An insightful finding of this report is the analysis of the lasting impact of SARS-CoV-2 infection on the olfactory bulb (OB) and olfactory epithelium (OE) as validated by transcriptomic and histochemical assays. To understand the lasting impact of SARS-CoV-2 infection, authors made extensive attempts by including various systems/tissues viz. lung, heart, kidney, and brain/neural system, and underpinned key anomalies. The inflammatory profile of OB/OE long after SARS-CoV-2 infection and with no detectable virus trace led the authors to suggest that either an undetectable level of replication is persisting in a nearby region or left-over debris is responsible for the continued inflammatory profile, which is an interesting point and could be investigated further.

Besides the above key findings, this work suffers several inadequacies as well. Even though the author has carried out an extensive investigation, stating that SARS-CoV-2 infection results in lasting and systemic perturbations post-recovery are misleading. It needs a comprehensive and thorough investigation to rightly state such anomalies as systemic perturbations. Also, the statement- ‘These data highlight a molecular mechanism for persistent COVID-19 symptomology and characterize a small animal model to develop future therapeutics’ is not factually accurate, where transcriptomic/histochemical analysis is performed that provides details about expression profiles not mechanism. While several other reports earlier described/characterized the utility of golden hamsters for COVID therapeutics.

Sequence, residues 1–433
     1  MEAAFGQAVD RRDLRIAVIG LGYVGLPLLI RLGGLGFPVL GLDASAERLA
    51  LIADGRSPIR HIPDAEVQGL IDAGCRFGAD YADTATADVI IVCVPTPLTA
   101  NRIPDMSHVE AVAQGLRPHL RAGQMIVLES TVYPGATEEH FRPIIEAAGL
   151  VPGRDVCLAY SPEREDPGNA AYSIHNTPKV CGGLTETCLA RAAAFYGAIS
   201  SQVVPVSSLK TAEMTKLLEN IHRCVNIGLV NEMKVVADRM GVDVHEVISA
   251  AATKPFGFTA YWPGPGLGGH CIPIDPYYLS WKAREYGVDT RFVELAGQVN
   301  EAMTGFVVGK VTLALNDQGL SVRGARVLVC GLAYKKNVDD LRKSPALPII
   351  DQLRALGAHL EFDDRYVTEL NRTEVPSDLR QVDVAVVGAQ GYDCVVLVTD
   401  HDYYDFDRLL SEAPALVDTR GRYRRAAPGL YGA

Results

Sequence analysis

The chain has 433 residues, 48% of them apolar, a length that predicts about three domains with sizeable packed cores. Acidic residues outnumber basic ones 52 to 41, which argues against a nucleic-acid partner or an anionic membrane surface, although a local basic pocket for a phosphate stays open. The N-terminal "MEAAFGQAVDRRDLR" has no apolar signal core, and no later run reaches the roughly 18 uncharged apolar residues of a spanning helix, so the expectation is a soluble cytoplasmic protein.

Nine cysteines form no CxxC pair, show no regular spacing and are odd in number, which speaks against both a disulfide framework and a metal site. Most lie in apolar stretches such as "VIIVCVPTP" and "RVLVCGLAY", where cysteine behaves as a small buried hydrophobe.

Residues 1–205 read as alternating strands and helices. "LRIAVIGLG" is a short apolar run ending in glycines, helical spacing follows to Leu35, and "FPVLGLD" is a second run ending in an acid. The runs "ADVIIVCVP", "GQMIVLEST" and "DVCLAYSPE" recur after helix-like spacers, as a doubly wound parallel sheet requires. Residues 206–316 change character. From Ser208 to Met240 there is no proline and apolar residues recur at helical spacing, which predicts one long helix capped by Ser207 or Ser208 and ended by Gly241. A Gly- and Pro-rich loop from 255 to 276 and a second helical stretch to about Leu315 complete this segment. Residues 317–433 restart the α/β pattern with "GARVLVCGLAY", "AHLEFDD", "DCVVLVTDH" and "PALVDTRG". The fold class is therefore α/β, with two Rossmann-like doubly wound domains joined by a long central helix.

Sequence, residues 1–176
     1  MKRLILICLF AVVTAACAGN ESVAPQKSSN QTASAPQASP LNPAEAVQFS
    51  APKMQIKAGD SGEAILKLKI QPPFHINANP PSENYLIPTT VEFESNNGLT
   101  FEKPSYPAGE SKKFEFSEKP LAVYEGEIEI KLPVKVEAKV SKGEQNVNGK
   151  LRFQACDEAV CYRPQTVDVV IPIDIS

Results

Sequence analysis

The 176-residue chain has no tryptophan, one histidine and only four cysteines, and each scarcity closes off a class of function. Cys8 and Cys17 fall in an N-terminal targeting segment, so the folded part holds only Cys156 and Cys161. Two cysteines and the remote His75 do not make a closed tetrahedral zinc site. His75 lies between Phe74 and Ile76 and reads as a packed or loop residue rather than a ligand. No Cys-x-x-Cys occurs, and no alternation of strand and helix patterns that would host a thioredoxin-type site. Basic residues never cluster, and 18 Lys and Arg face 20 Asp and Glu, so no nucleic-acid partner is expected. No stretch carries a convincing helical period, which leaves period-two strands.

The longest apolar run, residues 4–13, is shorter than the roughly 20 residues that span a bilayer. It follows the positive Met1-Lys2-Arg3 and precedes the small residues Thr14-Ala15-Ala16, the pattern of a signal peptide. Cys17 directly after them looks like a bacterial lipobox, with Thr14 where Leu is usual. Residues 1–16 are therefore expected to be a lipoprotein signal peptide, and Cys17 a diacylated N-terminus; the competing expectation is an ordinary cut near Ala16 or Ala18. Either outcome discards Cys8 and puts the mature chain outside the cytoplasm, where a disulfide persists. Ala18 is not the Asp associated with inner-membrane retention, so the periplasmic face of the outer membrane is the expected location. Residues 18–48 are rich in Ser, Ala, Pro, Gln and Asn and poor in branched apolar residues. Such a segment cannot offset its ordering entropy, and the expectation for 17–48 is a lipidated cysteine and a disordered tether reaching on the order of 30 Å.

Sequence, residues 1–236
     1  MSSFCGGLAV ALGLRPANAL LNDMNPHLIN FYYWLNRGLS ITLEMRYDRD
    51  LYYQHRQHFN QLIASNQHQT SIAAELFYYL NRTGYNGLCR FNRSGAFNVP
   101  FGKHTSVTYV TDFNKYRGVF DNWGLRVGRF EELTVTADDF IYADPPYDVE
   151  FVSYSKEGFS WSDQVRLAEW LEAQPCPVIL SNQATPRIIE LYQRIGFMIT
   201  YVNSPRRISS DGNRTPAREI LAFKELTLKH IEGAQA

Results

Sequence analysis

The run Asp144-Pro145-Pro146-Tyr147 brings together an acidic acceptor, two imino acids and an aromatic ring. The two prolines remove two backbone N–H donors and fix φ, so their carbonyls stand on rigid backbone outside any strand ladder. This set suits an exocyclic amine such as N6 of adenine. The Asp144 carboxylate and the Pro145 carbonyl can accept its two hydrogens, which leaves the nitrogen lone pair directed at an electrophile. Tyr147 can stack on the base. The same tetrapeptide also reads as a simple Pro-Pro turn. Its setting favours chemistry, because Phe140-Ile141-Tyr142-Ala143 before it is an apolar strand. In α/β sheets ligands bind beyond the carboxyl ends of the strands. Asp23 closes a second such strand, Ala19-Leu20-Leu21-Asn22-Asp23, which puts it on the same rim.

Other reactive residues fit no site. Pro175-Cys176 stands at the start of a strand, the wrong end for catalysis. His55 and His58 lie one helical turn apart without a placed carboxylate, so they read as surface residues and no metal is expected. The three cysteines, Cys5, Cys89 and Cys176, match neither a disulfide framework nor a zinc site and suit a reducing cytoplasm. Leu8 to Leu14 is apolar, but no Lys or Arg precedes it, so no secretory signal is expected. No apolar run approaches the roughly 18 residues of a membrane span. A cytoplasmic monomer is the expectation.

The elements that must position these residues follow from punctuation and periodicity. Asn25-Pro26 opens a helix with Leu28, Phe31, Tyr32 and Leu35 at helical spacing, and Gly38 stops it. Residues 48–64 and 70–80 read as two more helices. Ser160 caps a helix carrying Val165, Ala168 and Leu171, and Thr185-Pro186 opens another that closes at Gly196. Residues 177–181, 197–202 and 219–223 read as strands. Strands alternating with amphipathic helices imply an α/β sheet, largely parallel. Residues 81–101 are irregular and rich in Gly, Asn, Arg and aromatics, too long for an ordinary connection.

Another major issue is the interpretation of SARS-CoV-2 pathology finding of golden hamster to human pathology while taking a considerably very small sample size. In the data (Figure 7), for both olfactory bulb (OB) and olfactory epithelium (OE) -related observations, the human sample size is sparse which could potentially limit the quantitative outcome of their finding on human physiology.

Additionally, histochemical validation at the protein level in Figure 4 could strengthen the claim of the findings in this section.

There are a few minor issues evident related to the mislabeling and missed information. For instance, lines 591- Figure 6G-I, here Figures 6H and 6I are missing. Legend Fig.2 D-F- labels for kidney, heart, and lungs are not in accord the figure 2.